SCAPHOID FRACTURE: CHECK BOTH SIDES, LOCALIZE IT

A patient presents with wrist pain after a fall. X-rays are negative. You palpate the snuffbox and there is mild tenderness.  One dominant current practice is to apply a thumb spica splint in all such cases but you suspect this causes too many patients to be immobilized. Can the physical examination help?

 

There actually have been a large number of studies on this, with one study reviewing 18 separate clinical signs and keeping 7.(Steenvorde 2006) For the sake of consistency though, the examination of this bone for a fracture can be thought of in the same way we examine any other bone for a fracture.

 

First, have the patient point to the area of maximal pain. Are they pointing at the scaphoid?

 

Second, remember that this bone has multiple sides. Don’t just palpate the snuffbox. You can feel the scaphoid tubercle on the volar side at the base of the thumb metacarpal. Palpation is 87% sensitive and 57% specific for a fracture, which generates a better likelihood ratio than snuffbox tenderness, which is only 40% specific.(Steenvorde 2006)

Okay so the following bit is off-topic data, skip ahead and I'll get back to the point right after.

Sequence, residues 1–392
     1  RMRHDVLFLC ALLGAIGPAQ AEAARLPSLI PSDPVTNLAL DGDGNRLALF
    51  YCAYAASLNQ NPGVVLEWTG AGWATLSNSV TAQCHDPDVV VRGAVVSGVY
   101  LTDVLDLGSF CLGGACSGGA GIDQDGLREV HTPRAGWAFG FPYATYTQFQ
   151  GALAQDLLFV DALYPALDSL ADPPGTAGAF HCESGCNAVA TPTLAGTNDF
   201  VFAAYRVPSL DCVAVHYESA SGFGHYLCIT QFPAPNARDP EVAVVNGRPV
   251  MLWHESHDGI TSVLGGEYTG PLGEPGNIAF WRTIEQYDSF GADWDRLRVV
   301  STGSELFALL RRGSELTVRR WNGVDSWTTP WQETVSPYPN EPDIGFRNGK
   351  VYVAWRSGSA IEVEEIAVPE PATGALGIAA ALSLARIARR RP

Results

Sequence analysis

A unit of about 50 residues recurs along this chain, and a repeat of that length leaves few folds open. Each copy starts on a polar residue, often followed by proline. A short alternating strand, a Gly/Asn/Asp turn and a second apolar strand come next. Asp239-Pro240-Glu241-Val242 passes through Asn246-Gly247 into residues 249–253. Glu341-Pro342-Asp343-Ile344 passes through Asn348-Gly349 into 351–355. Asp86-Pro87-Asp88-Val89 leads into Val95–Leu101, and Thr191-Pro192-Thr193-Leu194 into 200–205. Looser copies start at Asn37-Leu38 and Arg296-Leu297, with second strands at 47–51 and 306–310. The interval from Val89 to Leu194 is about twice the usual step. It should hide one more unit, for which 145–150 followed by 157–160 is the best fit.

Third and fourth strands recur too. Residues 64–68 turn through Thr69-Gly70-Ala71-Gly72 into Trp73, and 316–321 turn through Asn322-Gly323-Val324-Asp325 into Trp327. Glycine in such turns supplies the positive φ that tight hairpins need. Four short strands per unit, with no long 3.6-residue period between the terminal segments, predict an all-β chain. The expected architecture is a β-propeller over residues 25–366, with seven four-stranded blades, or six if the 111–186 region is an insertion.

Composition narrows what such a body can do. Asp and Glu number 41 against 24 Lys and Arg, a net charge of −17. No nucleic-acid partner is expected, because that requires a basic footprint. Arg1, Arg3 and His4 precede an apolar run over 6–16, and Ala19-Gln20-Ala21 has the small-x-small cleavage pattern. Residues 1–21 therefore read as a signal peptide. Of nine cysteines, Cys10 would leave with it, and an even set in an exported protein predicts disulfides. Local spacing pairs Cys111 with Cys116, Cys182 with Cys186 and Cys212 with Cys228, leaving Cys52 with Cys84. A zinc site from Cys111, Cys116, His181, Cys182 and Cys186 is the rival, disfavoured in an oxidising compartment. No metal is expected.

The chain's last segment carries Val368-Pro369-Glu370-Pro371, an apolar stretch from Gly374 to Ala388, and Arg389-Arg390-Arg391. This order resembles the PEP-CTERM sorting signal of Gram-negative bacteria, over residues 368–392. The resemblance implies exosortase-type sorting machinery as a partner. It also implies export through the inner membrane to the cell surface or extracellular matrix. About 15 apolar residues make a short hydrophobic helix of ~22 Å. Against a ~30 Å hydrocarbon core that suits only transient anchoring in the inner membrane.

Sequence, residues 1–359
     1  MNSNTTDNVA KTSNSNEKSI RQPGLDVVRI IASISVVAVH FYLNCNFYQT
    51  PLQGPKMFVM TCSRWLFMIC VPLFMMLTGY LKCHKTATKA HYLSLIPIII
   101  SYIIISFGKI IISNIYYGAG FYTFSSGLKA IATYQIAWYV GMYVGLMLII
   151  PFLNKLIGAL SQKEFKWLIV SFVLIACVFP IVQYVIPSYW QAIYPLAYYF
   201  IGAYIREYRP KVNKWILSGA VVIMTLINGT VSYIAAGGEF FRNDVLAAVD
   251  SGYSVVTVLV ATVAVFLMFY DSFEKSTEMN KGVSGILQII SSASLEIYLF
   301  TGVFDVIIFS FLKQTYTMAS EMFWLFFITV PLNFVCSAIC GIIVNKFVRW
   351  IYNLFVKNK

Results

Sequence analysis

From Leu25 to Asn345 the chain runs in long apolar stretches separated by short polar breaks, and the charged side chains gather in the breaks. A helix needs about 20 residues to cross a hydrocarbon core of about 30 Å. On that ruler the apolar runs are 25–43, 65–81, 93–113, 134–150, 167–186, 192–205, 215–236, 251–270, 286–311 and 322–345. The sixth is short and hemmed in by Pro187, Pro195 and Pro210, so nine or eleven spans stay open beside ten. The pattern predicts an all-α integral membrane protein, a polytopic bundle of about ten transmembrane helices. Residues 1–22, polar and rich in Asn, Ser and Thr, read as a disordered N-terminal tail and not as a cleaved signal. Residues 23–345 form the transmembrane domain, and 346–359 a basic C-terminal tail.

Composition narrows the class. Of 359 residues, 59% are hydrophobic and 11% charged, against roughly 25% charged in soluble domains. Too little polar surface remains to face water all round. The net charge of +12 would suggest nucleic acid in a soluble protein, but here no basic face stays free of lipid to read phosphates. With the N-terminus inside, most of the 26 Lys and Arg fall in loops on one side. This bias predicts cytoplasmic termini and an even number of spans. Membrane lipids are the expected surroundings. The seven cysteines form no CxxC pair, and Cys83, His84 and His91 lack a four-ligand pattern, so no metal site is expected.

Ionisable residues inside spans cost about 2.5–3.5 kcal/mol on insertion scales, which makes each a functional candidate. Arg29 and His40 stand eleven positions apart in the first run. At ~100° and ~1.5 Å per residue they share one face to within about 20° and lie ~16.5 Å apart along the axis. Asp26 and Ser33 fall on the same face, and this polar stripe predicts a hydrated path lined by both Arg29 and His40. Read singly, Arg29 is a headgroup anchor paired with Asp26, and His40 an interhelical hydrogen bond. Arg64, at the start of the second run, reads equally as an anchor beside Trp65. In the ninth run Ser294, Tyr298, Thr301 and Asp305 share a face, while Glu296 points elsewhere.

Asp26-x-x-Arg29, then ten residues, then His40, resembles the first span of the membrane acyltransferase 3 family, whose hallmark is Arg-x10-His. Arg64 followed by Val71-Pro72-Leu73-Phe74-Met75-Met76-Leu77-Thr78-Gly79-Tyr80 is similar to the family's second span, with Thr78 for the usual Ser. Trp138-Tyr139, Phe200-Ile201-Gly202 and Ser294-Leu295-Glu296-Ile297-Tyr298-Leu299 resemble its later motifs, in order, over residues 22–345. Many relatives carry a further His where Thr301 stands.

Because this bone is superficial, feel for any swelling. If you find snuffbox swelling with a “fall on outstretched hand” mechanism, fracture is the only pathology that plausibly accounts for the finding, if it is isolated. Swelling is found in 61% of scaphoid fractures.

 

Finally, stress testing can be helpful in the fracture examination. Axial compression, resisted supination, and ulnar deviation can all be signs of a fracture if they isolate pain to the area of the scaphoid. False positive will occur with other injuries so we are not just looking for pain, but localizing scaphoid pain.

 

Take Home Points:

-Have the patient point to the maximally painful area

-Palpate the scaphoid tubercle in addition to the snuffbox for suspected scaphoid fractures

-Check for swelling in the snuffbox

-Provide axial, supination, and ulnar deviation stress tests

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